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costume jewelry, the mother lode

By 7:23 PM , , , , , ,

costume jewelry - mother
Originally uploaded by looseid
I at last tackled this formidable box this weekend - my mother's costume jewelry. This is separate from the semi-precious and precious jewelry stash (much much smaller); the kitschy in-your-face stuff was her true signature. She had fun, got noticed, received praise and was distinctly remembered for this accessory category.

My mom died in 1989, over twenty years ago. She was a colorful and dramatic lady with eclectic taste. Turquoise, opal, silver and gold. Pearls, amber, acrylic and crystals. She adored all the colors of the spectrum and lots of plastic bangles, shells and rhinestones. As gauche as it sounds on paper, she worked it rather well in person.

I used to think that I could don these unique pieces myself one day. I'm all grown up now, but that day never came. Whenever I tried something on, I inevitably felt like a little girl playing dress-up in an over-sized fur coat and heels. Everything is too iconic for me to reinterpret for myself. Not knowing how to handle such heirlooms has been a thorn in my side for as long as I can remember.

Inside this big box sat smaller tin boxes and accessory cases. When I removed the lid off of each container, a stale ribbon of Nina Ricci's L'air du Temps wafted out. And within those four walls were plastic bags crammed with more jewelry. There was that one broach she always wore on Christmas, another set of earrings she wore when she was channeling Coco, a man's wristwatch for when she was a Sporty Slacks Mom, and on and on the parade of moms filed out.

I laid out each and every piece on my large drafting table. Within minutes, the entire surface was covered. Faced with the bounty, I had absolutely no idea what to do next. Have a garage sale? Take it to a pawn shop? Call around to my friends who "thrift" for a living and have them point me in the right direction...donate it. 

None of these options felt right, nor did it do justice. And by justice, I mean respect - not diminish her memory. And value? How do I calculate the compound interest on twenty bloody years of jewelry that I'll never ever wear. How much does well-worn, perfume-infused, dime-store baubles appreciate in the open market.

There were three things I knew for certain about this process over the years, and they were:
  • I didn't want to haggle with anybody.
  • I didn't want anybody to devalue the items.
  • I didn't want to throw anything out.
These criteria always left me with no option but to keep everything, indefinitely. Time after time I walked into this same brick wall; yet, I knew what that brick wall felt like and I always chose that dull pain over making a grave mistake, like premature disposal, since I feared her putting a curse on me.

I was at a loss, so I went upstairs. Perhaps I'll go to the store and pick up a couple hundred Ziploc bags into which I'll pack everything individually. By then, I might come up with an apt solution.


Asako happened to stop by in the afternoon for coffee. I told her what I've been up to and to go check out the stash, and if she'd like anything for herself. I figured I'd start by doling out pieces to my friends, albeit a drip and a trickle process. She went downstairs and I heard her gasp. Sure, it was a lot to take in.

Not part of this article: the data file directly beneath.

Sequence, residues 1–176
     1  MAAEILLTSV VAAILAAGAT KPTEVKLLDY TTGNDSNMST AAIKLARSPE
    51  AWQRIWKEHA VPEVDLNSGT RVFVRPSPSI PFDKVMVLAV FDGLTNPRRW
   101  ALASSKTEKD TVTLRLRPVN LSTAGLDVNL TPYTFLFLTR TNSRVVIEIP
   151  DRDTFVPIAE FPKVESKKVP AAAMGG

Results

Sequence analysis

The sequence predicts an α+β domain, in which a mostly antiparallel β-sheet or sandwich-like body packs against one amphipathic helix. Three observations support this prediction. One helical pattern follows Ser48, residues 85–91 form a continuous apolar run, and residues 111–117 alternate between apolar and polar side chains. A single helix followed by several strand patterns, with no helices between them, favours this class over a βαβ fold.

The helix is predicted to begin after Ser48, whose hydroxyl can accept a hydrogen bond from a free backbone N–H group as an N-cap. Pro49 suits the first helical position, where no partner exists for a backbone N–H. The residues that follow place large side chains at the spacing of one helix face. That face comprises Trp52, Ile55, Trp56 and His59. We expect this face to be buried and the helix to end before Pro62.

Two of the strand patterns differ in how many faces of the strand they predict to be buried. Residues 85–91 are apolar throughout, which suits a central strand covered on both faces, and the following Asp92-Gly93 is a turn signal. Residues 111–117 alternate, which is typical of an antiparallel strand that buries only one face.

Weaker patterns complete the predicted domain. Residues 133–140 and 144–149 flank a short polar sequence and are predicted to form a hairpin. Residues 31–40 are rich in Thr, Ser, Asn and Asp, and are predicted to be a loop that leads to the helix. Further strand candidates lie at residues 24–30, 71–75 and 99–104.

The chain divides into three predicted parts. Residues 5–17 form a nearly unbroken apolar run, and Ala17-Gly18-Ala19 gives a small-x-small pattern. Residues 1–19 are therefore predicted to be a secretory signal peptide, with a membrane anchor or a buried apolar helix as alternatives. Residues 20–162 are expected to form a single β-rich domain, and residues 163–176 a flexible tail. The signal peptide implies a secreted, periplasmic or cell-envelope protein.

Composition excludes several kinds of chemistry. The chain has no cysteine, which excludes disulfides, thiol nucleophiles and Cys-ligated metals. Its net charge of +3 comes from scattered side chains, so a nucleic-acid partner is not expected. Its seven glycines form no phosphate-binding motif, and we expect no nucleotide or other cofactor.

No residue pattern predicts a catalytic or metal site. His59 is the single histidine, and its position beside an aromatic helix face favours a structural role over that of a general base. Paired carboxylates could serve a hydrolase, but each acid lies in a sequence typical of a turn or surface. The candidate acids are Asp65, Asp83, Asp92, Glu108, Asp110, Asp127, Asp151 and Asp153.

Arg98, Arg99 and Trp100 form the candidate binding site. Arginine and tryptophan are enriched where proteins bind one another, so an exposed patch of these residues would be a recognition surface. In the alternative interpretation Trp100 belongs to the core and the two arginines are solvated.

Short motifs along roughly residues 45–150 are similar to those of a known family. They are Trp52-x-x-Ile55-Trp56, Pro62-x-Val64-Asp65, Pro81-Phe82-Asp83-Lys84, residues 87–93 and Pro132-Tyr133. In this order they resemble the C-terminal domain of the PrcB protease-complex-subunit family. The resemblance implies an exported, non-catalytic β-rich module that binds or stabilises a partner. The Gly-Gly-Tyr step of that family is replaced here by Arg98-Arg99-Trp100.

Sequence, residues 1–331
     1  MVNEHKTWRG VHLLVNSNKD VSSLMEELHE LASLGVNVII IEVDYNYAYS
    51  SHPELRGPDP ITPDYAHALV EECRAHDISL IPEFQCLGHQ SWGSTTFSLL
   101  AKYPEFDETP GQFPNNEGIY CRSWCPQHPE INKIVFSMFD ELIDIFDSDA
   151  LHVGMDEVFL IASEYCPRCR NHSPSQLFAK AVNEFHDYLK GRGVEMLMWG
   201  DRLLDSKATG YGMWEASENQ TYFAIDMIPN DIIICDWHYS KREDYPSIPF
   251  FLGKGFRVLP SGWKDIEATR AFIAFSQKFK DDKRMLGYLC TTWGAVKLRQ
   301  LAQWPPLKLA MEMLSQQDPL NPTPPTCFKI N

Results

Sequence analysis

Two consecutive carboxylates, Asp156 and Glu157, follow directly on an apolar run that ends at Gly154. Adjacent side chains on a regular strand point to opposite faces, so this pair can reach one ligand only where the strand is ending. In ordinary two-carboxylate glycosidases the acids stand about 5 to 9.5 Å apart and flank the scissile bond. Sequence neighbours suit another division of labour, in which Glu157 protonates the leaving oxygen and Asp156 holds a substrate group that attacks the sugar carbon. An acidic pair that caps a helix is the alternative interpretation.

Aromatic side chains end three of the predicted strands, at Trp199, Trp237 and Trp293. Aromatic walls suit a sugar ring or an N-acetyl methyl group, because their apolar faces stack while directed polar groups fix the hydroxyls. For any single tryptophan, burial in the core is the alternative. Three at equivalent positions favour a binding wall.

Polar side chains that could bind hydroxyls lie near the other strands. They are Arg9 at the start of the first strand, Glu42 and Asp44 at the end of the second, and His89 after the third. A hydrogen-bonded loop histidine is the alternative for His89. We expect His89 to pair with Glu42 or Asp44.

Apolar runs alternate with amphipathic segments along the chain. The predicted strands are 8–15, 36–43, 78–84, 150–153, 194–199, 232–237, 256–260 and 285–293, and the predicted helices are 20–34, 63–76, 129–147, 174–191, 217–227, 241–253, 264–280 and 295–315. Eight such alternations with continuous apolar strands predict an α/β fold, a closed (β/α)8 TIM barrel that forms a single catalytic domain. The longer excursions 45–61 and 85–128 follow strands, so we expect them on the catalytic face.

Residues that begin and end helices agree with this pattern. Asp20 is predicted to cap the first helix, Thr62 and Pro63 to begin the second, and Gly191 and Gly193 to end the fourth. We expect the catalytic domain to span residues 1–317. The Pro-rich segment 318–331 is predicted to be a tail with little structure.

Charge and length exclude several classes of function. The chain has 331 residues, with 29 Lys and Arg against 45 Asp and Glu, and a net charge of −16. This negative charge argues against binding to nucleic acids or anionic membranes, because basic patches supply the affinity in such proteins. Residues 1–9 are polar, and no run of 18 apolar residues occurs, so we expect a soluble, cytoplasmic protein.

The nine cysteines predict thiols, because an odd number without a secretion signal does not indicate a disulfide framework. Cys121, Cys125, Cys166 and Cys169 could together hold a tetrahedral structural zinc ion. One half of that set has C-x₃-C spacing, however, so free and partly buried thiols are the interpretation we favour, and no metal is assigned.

She picked up a couple of things and turned to me, 
"Is any of this 70's style?"
I looked at her and said, "um...most of it."
"I'm going to a 70's costume party. Can you pick out something?"
I reached across a section of the table like a craps dealer, and raked it all into a bag.

Asako is a Montessori teacher and designed an arts program for her pre-schoolers this year. So with each discovery she made on the table, I heard her say things like,

"The kids could use 'these glass beads' for their next art project."

"...'those clip-on earrings' would help develop the children's motor skills."

"...and grouping items by color, shape or size will develop their cognitive skills."

"The different textures and clasps stimulate their sensory development."

Each statement allowed me to shovel more trinkets into the shopping bags. And before too long, my drafting table was cleared.

It started out with Asako doing me a favor, but by the end, she was thanking me for her unexpected windfall. She said she couldn't have dreamed of finding such "learning tools" for her students as they develop over the years. 

We've been friends for as long as I've held that box in my clutches, yet not once did it occur to me to do what I did this afternoon, unclench my fists and let it all go. In turn, I found the most amazing home for my mother's personal effects, which even satisfied all of my criteria that used to leave me in a deadlock.
  1. No haggling - no exchange of currency.
  2. No devaluation - treasured refrigerator art across San Francisco - obtained immortality, really.
  3. No trash. 
It's been a few days now, and no lightening has struck me dead, and no curse placed. In fact, one may have even lifted. I'm unsure what I was protecting all these years, but I know that I feel better without it today. It wasn't a big box by any standard, but it was a weighty one. Hell, it could have been a sheet of kleenex but carried the weight of a 137 lbs Japanese woman, because I gave it that weight.

I get the distinct feeling that I'm now pulling on a string that could unravel more myths that keep me in a comfort zone I no longer want to inhabit.

I happily welcome that change.

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